Dozens of journalists were invited into the prison on Sunday to view two well-preserved tile mosaics, which include detailed inscriptions in Greek and which the authority said served as the floor of the church.
"It is for sure the earliest church in Israel that we know of," said Yotam Tepper, the archaeologist in charge of the dig, which began seven months ago.
The announcement was met with deep skepticism from some scholars of early Christianity.
The traditional view is that Christian churches did not begin to appear in the region until the fourth century A.D., the result of Emperor Constantine's edict in A.D. 313 that Christians could worship freely in the Roman Empire.
Before that, Christians were often persecuted. They worshiped clandestinely and were not able to build public houses of worship, these scholars say.
"For people who study this, it would be very hard to accept that there is a Christian church here that dates to the third century," said Joe Zias, an anthropologist and a former curator with the Antiquities Authority. Mr. Zias, who has not seen the site, added, "My gut feeling is that we are looking at a Roman building that may have been converted to a church at a later date."
Pottery shards from cooking pots and wine jugs resting on the mosaic have been dated to the late third century A.D., suggesting the mosaic - and presumably the church - was already in place at that time, he said. The style of the Greek lettering in the three inscriptions point to the same period, he said, and the structure does not follow the traditional building pattern for churches that emerged in the fourth century.
The floor is about 30 feet by 15 feet and has two mosaics, consisting of small black and white tiles in geometric patterns. Two fish, a symbol widely used in early Christianity, adorn one.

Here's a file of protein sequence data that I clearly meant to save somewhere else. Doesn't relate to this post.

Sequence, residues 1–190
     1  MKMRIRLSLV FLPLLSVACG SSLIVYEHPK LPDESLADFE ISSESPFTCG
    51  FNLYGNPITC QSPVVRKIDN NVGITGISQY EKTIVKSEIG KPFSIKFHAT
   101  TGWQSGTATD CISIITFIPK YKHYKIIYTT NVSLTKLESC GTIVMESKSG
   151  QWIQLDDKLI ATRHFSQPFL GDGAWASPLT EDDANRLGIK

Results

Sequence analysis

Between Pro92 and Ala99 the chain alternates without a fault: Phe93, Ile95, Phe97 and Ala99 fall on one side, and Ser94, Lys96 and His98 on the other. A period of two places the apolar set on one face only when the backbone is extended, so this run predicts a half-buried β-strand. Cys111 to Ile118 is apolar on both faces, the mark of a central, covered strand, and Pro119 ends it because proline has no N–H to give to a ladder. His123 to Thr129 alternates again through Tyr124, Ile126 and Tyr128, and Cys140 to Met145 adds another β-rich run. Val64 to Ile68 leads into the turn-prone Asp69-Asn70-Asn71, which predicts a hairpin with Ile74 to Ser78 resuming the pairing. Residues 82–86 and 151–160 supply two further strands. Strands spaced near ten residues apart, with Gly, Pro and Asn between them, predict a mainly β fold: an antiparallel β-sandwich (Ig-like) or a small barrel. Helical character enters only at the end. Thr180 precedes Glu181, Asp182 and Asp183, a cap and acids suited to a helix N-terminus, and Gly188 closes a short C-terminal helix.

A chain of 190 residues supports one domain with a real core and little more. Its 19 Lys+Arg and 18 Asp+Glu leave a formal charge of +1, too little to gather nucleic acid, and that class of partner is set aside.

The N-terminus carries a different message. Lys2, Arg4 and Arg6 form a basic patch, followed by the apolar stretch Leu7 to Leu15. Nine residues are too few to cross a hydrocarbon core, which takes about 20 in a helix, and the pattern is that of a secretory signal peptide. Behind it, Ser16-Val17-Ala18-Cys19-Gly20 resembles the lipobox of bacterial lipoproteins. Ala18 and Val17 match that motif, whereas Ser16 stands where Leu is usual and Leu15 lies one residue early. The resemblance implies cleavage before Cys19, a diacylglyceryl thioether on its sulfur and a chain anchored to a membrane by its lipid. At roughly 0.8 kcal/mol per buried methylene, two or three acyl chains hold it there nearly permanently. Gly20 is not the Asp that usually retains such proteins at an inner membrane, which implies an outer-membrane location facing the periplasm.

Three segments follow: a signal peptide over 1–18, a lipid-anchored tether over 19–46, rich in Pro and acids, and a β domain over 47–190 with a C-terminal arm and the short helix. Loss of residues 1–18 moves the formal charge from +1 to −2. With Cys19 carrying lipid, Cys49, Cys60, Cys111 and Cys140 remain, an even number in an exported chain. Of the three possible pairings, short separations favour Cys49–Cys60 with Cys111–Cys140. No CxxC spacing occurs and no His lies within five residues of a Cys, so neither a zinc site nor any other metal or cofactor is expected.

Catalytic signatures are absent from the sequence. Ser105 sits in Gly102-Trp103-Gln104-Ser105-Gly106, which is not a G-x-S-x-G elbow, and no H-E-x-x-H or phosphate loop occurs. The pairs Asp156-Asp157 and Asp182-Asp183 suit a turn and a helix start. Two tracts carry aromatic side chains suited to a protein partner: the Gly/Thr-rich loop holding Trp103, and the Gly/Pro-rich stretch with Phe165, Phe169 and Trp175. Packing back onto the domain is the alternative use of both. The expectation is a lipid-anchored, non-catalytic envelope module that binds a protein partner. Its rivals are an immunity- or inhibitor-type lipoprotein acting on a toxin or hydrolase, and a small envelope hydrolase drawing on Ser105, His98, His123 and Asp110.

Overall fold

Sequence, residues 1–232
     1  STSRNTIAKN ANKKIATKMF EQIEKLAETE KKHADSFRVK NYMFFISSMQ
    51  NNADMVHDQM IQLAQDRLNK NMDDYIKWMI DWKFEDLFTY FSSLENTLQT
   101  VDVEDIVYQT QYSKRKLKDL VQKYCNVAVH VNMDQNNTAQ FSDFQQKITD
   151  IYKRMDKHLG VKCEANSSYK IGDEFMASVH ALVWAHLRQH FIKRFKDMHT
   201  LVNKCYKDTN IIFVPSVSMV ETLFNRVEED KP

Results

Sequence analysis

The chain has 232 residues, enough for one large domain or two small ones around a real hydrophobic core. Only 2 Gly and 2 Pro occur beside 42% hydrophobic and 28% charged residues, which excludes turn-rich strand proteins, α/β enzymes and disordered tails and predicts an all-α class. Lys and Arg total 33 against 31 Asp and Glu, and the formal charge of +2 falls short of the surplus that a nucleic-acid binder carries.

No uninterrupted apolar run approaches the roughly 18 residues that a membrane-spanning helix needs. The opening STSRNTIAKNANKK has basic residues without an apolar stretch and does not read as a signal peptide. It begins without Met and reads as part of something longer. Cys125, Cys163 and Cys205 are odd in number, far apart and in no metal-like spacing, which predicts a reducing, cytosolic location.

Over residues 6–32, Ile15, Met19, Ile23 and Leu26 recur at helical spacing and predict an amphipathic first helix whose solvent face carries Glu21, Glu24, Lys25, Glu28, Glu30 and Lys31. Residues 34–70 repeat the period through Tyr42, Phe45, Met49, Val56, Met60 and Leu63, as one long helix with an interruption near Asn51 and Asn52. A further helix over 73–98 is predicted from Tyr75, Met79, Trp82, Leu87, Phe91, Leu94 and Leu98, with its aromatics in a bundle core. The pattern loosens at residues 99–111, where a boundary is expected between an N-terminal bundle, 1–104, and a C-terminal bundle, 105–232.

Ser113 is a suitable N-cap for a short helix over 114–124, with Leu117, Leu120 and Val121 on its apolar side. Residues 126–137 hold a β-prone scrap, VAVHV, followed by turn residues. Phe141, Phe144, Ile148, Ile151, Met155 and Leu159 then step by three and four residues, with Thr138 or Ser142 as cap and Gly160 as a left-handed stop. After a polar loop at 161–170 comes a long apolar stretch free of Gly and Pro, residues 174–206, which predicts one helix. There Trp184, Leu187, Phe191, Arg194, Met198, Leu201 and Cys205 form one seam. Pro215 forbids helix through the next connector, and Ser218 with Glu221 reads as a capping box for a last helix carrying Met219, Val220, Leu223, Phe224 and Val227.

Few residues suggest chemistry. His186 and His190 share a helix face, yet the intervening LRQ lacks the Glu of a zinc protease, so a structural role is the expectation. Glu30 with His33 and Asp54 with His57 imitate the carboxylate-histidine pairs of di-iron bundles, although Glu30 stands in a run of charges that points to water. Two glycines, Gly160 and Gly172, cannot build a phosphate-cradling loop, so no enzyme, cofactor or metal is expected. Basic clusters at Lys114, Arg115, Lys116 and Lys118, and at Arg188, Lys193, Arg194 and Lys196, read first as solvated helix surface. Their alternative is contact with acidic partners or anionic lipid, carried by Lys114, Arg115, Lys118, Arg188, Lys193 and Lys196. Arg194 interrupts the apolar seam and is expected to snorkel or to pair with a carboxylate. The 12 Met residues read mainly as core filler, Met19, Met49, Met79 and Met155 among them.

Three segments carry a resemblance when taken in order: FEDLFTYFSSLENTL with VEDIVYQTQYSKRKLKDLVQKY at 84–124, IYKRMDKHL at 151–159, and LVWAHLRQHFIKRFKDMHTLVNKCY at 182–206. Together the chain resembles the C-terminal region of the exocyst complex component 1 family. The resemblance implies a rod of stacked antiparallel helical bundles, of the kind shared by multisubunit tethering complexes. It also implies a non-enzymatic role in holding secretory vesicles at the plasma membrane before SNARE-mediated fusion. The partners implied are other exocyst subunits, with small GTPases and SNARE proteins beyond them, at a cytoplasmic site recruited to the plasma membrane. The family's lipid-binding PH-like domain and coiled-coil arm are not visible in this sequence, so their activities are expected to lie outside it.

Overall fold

In the center of the floor is a base that may have supported a structure used in worship services, Mr. Tepper said. Nearby, one inscription reads, "The God-loving Aketous has offered this table to the God Jesus Christ, as a memorial," according to a preliminary translation by the Antiquities Authority.
Another inscription says a Roman military officer, Gaianus, "having sought honor, from his own money, has made the mosaic."
But Mr. Zias said it struck him as strange that a Roman military officer would take credit at a time when the Roman authorities prohibited practicing Christianity. "If I were a Roman soldier in the third century, I certainly wouldn't want my name on it," he said. "This would not have been a good career move. In fact, it sounds like the kiss of death."
If the Megiddo site does date to the third century, "then I would ask why it was not reported or discussed by early church historians," said Yiska Harani, a historian with expertise on Christian pilgrimage to the Holy Land. "How did they overlook a successful place of early worship?"
Mr. Tepper said no decision had been made on the fate of the site. He said he hoped it could become a small museum, while acknowledging the problems of doing so inside a prison.
"We just don't know what will happen at this point," he said.
The whole thing (including another photo of the mosaic) ....